“The best exit strategy is to not go into an area where you’re unwelcome," McGovern continues. "We had Iraq contained behind its own borders. I would have maintained the aerial over flights. I would have asked the UN inspectors to remain. I would have made clear that any move made by Iraq over its borders would be resisted militarily.”

“Resisted militarily?” Neuman was right! A non-peacenik leader would have said, “Smoke ‘em out.” But McGovern is 81 — which, I think, makes him a member of the peace and love generation — and he shows it by dropping Wendell Wilkie's name.

“The United States, through most of its history, has been one of the most admired countries on the face of the earth,” McGovern says. “In 1940, the Republican presidential candidate Wendell Wilkie wrote the book, One World, after he traveled around the globe. In it he said that the defining signs of American power and influence were the confidence and admiration that people everywhere had towards the United States. The Bush administration has dissipated much of that by going into this war.”

Did I mention that McGovern has a new book coming out this summer called The Essential America: Our Founders and the Liberal Tradition. Listen to this liberal peacenik go:

“I was in Paris on 911 to enlist the support of the French in a UN food mission to Africa,” McGovern says. “We were interrupted at lunch with the news report. Let me tell you, the French people I met over the next couple of days were in tears with sympathy for the United States.

“Where did all that good will go?” McGovern asks. “It went down the tubes in this unfortunate and tragic war in Iraq that no country in the world supported. A few heads of state supported it, but the people in those countries — Britain and Spain, for example — were overwhelmingly against it. Our power and influence in the world has dissipated because of the arrogance of our public officials in Washington saying that you’re either with us or against us. We need to revive Jefferson’s old dictum, ‘A decent respect to the opinions of mankind.’”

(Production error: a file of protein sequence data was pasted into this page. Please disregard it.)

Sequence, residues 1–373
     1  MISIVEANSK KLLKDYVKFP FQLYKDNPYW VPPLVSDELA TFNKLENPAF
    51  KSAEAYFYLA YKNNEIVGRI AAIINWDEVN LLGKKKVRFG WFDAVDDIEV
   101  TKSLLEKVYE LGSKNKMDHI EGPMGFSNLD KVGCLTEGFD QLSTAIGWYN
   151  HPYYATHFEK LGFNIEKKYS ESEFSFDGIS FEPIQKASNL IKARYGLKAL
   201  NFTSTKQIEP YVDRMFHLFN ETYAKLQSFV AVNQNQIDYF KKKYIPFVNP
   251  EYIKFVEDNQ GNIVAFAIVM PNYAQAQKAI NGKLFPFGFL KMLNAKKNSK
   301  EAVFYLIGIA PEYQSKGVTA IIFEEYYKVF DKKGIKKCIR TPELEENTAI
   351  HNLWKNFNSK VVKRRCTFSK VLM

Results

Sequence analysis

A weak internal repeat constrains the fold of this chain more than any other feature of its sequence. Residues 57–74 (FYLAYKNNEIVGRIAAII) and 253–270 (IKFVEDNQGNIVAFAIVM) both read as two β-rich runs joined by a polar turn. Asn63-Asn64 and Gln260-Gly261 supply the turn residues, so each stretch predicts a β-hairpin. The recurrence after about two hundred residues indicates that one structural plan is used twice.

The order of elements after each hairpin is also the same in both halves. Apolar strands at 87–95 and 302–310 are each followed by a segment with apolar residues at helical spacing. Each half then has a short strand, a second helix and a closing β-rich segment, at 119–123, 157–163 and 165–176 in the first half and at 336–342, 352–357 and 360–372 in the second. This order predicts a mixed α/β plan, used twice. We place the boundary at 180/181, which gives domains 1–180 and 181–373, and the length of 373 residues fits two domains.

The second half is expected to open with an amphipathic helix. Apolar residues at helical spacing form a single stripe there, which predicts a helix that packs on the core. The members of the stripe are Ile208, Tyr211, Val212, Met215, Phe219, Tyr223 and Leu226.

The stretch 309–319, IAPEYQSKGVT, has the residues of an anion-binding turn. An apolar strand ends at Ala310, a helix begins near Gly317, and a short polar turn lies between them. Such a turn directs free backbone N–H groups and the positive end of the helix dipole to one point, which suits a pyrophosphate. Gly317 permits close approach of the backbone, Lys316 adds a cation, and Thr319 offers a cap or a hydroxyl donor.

There he goes again dropping names. Why should we, or this Jefferson guy, respect the opinions of other countries when our power and influence is much better served by starting preemptive wars?

“A policy of preemptive war would have had us going to war with Russia and China 50 years ago” McGovern says. “God knows where the planet would be today if that had happened. Instead, today we get along with Russia and China.”

Johanna Neuman, you are right and then some. Not only is George McGovern a peacenik; he’s a communist sympathizer to boot.

“America is the greatest country on the face of the earth, McGovern says, “but we’ve got to quit making these tragic mistakes.”

Yeah, right. Tell it to Johanna, George. We've got you pegged, "Peacenik" McGovern. So while you're off at some World War II memorial prattling on about combat missions, the rest of us will be honoring our fallen war heroes this weekend in true American style — barbecuing, flying flags and taking advantage of savings of up to 50% off at Macy’s Memorial Day sale.

— Nathan Callahan, May 30, 2004